Great Tom Waits Song – Christmas Card from a Hooker in Minneapolis

Hey Charley I’m pregnant
Living on 9th Street
Right above a dirty bookstore
Off Euclid Avenue
I stopped taking dope
And I quit drinking whiskey
And my old man plays the trombone
And works out at the track

One of Tom Waits’ most beloved songs from one of his more obscure albums, Blue Valentine, “Christmas Card…” is a live standard. The song showcases Waits playing a barroom piano melody, weaving words together — in essence, doing what he does best in one long, bittersweet song. The lyrics are essentially a reading aloud of what the title says it is — a Christmas card from a hooker in Minneapolis. Waits takes the voice of the female character: “Hey Charley, I’m pregnant…”; you can guess the rest. The song is littered with characters with names like Mario. There are references to the track, a filling station, and a used car lot. There is whiskey, dope, grease, a trombone, and Little Anthony & the Imperials. What more could you want from a Tom Waits song?
– Denise Sullivan (allmusic.com)

Studio version:

Facts

from the album Blue Valentine
Released September 1978
Recorded July 24 – August 26, 1978, at Filmways/Heider Recording, Hollywood, CA
Genre Jazz, Blues
Length 4:33
Label Asylum
Songwriter Tom Waits
Producer Bones Howe

 

There are more creative Tom Waits songs, and ones that he actually, well, wrote (“Christmas Card” is adapted from a Charles Bukowski poem called “Charlie I’m Pregnant”), but there aren’t quite as many that can utterly devastate a room full of people with quite the same slurred, finely-detailed aplomb. For maximum tears in your bourbon, watch this live version, which features a bedraggled interpolation of “Silent Night” and Waits’ rendition of that Little Anthony and the Imperials record. The audience laughs a bit at some of the lyrical gems, but after that final verse, you can hear a pin drop.
popmatters.com

“Christmas Card from a Hooker in Minneapolis” found him back at the keyboard but with George Duke for company, tinkling bluesily away on a Yamaha electric grand. The song was one of Waits’ great inhabitations: he really got inside the battered soul of this woman who’d stumbled from the pages of Bukowski. The epistolary self-deception was a kind of unreliable narration, redeemed by such touching details as the reference to “that record of Little Anthony and the Imperials.” This was no lush life, this was heroin and jail time. Under the surface sentimentality we heard the hard edge of self-destruction.
-Barney Hoskyns (Lowside of the Road: A Life of Tom Waits)

Lyrics

“Christmas Card from a Hooker in Minneapolis” has been described as a “laconic first-person sketch.” The song’s lyrics narrate a letter written by a prostitute to a man named Charlie. She confesses to being pregnant, and describes her current living circumstances, including her stable relationship with a partner who promises to raise her arriving baby “like he would his own son.” At the song’s conclusion, the author confesses to Charlie that she has been lying to him; she does not have a husband, is currently serving time in prison, and will be eligible for parole on Valentine’s Day.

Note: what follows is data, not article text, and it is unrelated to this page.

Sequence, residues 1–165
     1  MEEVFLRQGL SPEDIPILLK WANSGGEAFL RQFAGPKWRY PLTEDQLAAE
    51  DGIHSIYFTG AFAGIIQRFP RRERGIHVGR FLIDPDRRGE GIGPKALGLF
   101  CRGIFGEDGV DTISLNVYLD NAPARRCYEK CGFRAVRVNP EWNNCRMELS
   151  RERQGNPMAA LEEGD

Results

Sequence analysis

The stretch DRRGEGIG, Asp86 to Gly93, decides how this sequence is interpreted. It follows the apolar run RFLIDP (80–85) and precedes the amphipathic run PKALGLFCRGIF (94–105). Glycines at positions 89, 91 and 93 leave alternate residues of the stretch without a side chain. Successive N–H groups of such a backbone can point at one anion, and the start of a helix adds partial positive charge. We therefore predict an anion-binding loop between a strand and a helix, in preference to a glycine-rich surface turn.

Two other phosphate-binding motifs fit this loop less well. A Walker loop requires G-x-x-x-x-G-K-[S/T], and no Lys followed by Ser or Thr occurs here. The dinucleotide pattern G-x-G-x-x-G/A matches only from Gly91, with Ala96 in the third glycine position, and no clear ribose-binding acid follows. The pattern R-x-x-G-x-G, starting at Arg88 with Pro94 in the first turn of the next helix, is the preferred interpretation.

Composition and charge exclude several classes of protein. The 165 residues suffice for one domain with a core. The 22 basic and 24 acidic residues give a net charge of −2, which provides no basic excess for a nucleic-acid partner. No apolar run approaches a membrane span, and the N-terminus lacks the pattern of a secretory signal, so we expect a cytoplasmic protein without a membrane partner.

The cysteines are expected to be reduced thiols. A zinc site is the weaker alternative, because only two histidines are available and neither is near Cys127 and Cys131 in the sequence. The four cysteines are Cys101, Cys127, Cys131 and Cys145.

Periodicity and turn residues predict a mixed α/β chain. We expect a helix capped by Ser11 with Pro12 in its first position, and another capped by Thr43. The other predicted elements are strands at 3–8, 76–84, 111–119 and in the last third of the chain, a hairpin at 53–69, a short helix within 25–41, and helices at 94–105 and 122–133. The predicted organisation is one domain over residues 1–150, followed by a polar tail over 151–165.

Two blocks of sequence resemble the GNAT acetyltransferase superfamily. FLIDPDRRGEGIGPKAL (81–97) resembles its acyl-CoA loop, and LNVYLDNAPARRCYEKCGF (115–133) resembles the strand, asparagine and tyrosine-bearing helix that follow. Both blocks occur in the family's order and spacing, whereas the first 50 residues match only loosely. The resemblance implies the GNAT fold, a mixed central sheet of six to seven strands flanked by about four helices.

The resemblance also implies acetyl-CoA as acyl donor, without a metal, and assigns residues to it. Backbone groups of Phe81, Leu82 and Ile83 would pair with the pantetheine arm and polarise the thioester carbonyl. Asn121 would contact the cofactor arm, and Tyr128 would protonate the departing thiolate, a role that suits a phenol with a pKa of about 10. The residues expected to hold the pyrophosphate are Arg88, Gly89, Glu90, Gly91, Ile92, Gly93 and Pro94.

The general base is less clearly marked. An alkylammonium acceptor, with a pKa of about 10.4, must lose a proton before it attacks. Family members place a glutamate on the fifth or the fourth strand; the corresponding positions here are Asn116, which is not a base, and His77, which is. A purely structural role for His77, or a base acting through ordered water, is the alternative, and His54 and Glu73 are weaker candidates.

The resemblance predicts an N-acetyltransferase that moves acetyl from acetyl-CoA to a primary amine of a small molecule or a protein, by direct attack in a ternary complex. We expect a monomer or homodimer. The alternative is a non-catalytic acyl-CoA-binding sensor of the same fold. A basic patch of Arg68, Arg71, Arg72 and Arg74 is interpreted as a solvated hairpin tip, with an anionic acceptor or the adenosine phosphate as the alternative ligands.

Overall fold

-wikipedia

Hey Charley I’m pregnant
Living on 9th Street
Right above a dirty bookstore
Off Euclid Avenue
I stopped taking dope
And I quit drinking whiskey
And my old man plays the trombone
And works out at the track

He says that he loves me
Even though its not his baby
He says that he’ll raise him up
Like he would his own son
He gave me a ring
That was worn by his mother
And he takes me out dancin’
Every Saturday night

Hey Charley I think about you
Every time I pass a fillin’ station
On account of all the grease
You used to wear in your hair
I still have that record
Of Little Anthony and The Imperials
But someone stole my record player
How do ya like that?

Hey Charley I almost went crazy
After Mario got busted
I went back to Omaha
To live with my folks
Everyone I used to know
Was either dead or in prison
So I came back to Minneapolis
This time I think I’m gonna stay

Hey Charley I think I’m happy
For the first time since my accident
I wish I had all the money
That we used to spend on dope
I’d buy me a used car lot
And I wouldn’t sell any of ’em
I’d just drive a different car every day
Dependin’ on how I feel

Hey Charley, for chrissakes
Do you want to know the truth of it?
I don’t have a husband
He don’t play the trombone
I need to borrow money
To pay this lawyer
And Charley, hey
I’ll be eligible for parole
Come Valentine’s Day




Live Versions

Austin, March 24, 1979:

Paul Hogan Show (Australia), telecast on June 13 1979:

Tyrone Guthrie Theatre, Minneapolis, May 9 1982:

Nice Cover version by Neko Case from the Tom Waits tribute album New Coat of Paint (2002):

 

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